They hunt for abandoned domains that still have active CNAME records referencing the large companies that once owned them. Let’s take from our example. Say the company abandoned this domain after a promotional campaign several years ago, but the administrators forgot to remove the CNAME record. This allows threat actors to register the domain to themselves and automatically gain control over the subdomain.

That done, they gain the ability to authorize mail servers located at IP addresses they own to send emails from the subdomain — effectively inheriting the reputation of the primary domain,

Exploiting SPF records

The second tactic employed by the SubdoMailing attackers involves exploiting SPF records. SPF (Sender Policy Framework — an extension of the SMTP protocol) records list the IP addresses and domains authorized to send emails from a particular domain.

Again, it’s perfectly normal for large organizations to include a multitude of addresses and domains in this list for various purposes. This may include external domains that either do not belong to the company at all, or are used for some specific purpose: temporary projects, mass mailing tools, user survey platforms, and the like. Similar to the CNAME scenario, it may happen that the domain registration has expired, but someone forgot to remove the said domain from the SPF record.

Domains like these are also prized by threat actors. For our example, let’s say the SPF record also includes some external domain like, belonging to a user-survey service.

Now, imagine this service no longer exists, the domain registration has expired, and the administrators forgot to update the SPF record. By registering the abandoned domain, attackers gain the ability to send emails not just from the subdomain, but from the company’s primary domain,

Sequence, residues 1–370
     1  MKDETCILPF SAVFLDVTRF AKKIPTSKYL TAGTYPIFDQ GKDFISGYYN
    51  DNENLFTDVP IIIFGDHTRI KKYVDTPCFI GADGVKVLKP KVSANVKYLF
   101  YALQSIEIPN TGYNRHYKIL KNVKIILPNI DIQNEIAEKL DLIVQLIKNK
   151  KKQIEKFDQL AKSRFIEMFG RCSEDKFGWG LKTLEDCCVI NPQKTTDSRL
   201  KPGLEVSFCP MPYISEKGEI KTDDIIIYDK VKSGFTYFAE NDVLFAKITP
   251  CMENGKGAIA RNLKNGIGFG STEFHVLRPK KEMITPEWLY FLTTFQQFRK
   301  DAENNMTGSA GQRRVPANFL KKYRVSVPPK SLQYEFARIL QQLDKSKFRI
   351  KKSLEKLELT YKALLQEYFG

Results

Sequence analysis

Examples of domain hijacking in the SubdoMailing campaign

How such problems can arise can be illustrated by the case of The Microsoft Network (MSN) portal once collaborated with celebrity chef Martha Stewart on a project promoting MSN Messenger (remember that?) through prize giveaways. The project’s website used the subdomain, which redirected to the external domain through a CNAME record.

Screenshot of from the Internet Archive

Here’s what looked like when it was live. Source

As you might guess, the domain registration eventually expired, but the MSN administrators failed to remove the corresponding CNAME record. In 2022, attackers discovered this domain, registered it, and gained the ability to send emails from, leveraging the reputation of none other than the Microsoft Network for their own purposes.

How to guard against SubdoMailing

To prevent domain hijacking and spamming in your company’s name, we recommend the following:

  • Implement SPF, DKIM, and DMARC
  • Regularly inventory your company’s web resources, including domains.
  • Ensure timely renewal of active domain registrations.
  • Remove outdated DNS records.
  • Update SPF records by removing unused addresses and domains authorized to send emails on your company’s behalf.